Background: This text originally came in as a comment to Forrester experiences analyst layoffs. Because of the last line, I did not approve the comment leaving it as a private communication to SageCircle. But I did tweet that someone had sent along a very nice compliment for Merv Adrian. That triggered this comment to the original (and not published) comment: “Saw your tweet. Oops. sorry. meant keep IP confidential. pls reveal details. =)” So with that permission from the author, we are now publishing his or her comment. However, rather than a comment I decided to elevate it to a full post. BTW, you can follow Merv Adrian on Twitter at www.twitter.com/merv.
It is truly sad to say good-bye to co-workers especially during a lay off.. I will miss each person who has left. But it is quite a travesty when you lay off someone who is an icon, someone who makes a big difference in everyone’s lives, and someone who has had the company’s best interest at heart at all times. I have struggled to tell this story about my team and the more I wait, the more I regret it. I must tell. I shall share. I now reveal.So I say this with great conviction: “It is unconscionable for Forrester to lay off Mervyn T. Adrian without a proper explanation to our clients and our employees”
I was there when we first bought Giga. It was a scary time like now. The Internet bubble had burst. We had finished 2 rounds of layoffs. Our business was tanking. Our stock in the toilet.
When we bought Giga, we were nervous. Our first reaction was who are all these gray hairs? We were all much younger. Why’s everyone a VP? We only had principal analysts as the highest title and there were only 2 or 3 of those. Would we get along with these old farts? They seem crotchety and nerdy. How come they all work from home? We lived in a must show up to HQ culture.
But throughout the acquisition, this bubbly gentleman would reach out. He showed us how to work together. He showed us the value of an inquiry to clients. He showed us the how to collaborate across teams. He would reach out and mentor new analysts. He would tell it to us like it was despite any management pat answer. He showed us that analysts are people too. He taught us how to work with those sometimes “pesky” AR people. He navigated the vendors. He got us to sing along with the Forrester band. He brought a strong sense of ethics. He was part of the team that created a smooth acquisition. Don’t get me wrong. He made his share of mistake and then owned up.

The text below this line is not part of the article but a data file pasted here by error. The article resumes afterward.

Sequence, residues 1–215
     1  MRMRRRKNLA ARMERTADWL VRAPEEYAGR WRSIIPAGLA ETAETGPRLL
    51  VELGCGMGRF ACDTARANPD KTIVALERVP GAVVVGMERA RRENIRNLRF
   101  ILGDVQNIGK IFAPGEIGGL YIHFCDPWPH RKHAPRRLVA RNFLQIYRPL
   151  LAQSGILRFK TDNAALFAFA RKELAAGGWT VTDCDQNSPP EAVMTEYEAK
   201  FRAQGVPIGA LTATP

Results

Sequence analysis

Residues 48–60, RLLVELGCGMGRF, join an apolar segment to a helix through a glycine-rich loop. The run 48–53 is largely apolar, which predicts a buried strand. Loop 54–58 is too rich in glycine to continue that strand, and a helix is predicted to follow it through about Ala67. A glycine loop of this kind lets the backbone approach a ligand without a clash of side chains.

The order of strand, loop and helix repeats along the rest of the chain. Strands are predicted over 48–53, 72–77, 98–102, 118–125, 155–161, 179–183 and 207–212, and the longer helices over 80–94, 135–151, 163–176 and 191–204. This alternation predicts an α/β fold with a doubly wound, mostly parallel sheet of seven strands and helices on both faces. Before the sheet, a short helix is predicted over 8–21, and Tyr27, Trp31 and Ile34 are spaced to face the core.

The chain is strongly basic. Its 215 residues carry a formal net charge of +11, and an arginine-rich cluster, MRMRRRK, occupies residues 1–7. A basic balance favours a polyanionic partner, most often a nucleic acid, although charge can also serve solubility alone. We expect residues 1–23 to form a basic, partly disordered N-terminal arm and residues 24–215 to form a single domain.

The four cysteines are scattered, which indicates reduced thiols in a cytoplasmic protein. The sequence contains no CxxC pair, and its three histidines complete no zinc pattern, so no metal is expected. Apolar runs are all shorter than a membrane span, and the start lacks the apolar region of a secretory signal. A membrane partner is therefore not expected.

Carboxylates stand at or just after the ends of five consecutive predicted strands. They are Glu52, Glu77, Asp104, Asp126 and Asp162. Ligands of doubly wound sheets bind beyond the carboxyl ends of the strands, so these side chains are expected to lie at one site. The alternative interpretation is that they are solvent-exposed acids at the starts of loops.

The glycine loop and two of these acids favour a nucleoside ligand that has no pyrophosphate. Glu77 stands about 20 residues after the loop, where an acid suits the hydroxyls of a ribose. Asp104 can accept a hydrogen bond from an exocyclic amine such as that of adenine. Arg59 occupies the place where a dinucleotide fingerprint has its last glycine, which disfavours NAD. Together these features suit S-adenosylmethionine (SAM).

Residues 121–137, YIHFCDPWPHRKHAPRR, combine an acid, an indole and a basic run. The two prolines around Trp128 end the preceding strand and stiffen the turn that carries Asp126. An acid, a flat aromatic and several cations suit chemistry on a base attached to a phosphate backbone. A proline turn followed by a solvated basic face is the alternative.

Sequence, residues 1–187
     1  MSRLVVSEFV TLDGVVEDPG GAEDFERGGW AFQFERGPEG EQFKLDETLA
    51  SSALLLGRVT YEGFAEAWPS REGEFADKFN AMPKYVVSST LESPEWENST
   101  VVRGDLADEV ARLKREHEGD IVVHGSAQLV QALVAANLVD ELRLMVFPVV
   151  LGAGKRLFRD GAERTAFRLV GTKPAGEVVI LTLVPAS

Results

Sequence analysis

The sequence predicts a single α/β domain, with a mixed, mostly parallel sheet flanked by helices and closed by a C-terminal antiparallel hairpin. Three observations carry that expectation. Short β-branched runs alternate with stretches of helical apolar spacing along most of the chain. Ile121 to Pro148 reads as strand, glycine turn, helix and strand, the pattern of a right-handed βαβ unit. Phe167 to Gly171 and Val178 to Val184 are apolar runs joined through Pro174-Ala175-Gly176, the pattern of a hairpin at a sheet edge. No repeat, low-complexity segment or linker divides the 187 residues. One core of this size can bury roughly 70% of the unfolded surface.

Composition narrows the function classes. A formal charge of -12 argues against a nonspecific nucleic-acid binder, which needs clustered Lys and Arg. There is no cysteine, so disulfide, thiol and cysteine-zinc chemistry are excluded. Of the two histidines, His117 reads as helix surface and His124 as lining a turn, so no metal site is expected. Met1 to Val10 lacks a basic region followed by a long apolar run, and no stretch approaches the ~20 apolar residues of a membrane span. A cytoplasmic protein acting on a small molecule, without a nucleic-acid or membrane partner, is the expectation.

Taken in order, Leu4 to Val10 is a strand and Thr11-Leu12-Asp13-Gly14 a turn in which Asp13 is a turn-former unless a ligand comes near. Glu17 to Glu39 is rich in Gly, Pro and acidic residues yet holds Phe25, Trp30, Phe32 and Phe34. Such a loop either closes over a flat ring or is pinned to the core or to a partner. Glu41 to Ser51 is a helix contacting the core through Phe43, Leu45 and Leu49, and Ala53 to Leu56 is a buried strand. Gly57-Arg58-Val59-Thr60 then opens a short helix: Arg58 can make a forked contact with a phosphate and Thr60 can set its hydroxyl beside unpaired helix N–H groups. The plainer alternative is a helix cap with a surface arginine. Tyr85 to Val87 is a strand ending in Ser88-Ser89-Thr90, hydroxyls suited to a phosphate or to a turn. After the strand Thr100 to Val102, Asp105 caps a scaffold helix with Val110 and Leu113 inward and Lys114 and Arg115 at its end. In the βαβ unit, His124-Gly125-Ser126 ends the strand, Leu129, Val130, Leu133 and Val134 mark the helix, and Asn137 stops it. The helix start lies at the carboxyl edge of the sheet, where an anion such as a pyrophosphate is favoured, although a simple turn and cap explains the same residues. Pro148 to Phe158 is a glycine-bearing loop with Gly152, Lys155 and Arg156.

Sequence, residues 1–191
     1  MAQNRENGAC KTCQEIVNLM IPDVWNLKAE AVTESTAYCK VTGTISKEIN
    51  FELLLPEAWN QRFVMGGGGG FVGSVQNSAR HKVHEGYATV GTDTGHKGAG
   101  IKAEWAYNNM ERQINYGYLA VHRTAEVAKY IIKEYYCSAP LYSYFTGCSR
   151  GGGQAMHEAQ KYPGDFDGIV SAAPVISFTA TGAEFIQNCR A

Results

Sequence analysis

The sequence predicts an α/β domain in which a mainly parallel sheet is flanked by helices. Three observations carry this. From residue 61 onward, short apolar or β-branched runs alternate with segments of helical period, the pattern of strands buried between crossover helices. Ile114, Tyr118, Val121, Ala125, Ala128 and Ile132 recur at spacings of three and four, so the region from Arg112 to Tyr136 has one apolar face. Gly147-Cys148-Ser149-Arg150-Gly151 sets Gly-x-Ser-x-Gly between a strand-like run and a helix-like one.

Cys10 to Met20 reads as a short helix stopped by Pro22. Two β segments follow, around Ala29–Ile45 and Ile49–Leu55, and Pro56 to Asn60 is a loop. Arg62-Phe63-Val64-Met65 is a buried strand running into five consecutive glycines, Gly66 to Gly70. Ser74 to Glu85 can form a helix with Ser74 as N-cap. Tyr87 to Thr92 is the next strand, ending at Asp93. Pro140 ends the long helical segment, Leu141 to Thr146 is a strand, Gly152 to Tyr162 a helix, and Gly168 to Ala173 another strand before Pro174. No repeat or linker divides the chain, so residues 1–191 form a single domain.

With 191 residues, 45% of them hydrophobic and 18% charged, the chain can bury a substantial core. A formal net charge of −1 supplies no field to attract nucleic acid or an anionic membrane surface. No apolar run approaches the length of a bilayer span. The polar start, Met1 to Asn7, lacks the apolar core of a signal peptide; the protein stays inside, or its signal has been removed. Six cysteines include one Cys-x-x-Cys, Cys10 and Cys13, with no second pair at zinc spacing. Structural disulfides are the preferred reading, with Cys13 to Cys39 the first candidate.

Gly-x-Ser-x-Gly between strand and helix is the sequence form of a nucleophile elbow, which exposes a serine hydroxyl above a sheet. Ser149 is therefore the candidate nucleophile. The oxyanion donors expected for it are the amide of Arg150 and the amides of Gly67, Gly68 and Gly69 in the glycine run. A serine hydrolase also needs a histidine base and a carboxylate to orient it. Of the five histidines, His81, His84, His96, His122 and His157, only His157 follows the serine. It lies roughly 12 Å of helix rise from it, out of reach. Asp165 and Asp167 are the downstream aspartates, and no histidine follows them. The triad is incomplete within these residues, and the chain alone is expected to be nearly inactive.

But most importantly… he valued us as individuals. He encouraged us to build relationships. He celebrated our successes. He cherished this family we call Forrester.
About 2 years ago, we moved to our current role based research model. Many of us were skeptical. Yet, he was one of the first to embrace the Technology Industry role group. He was an evangelist and recruited many of us to join. He put down his management hat and reemerged in the analyst ranks.
After putting his heart and soul into this new structure, he continued to face challenges from our leadership. From our perspective we feel that despite his best efforts, he faced a manager that lacked experience and was insecure and he faced a managing director that lived in an ivory tower but was best friends with the COO. He was unable to make headway to help them understand what vendors sought from us. what was the true value. In any case, he still gave his best.
Now this may sound like a eulogy. And, well, frankly, it is. We have lost someone at Forrester who was treasured by many of our colleagues and most of all our clients. There may be many reasons in a layoff, but from my vantage point, this is the worst kind – one with no logical explanation other than dumb politics.
I encourage those who know Merv and his work to send a letter to your sales rep, my research leadership team, and even the big Kahuna, George himself. We hear that the letters are already coming but keep sending them. Only do this if you mean it. Tell them why this is a mistake. Tell them about your Merv story. Share with them why this makes no sense.
We know its water over the bridge. We doubt they would bring him back. We can only imagine that he would come back if asked. But its worth a try and its worth making the point. Individuals do matter and people like Merv are special. You just don’t treat people like this and get away with it!
Meanwhile give him your business. He’s hung out his own shingle as an independent and it doesn’t matter where he works. It’s still the same Merv.
Conscience relieved analyst,
p.s. Carter, please keep this confidential. I don’t want to end up on the layoff section of your blog.
Editor’s Note: I was subsequently given permission by the commenter to post this.
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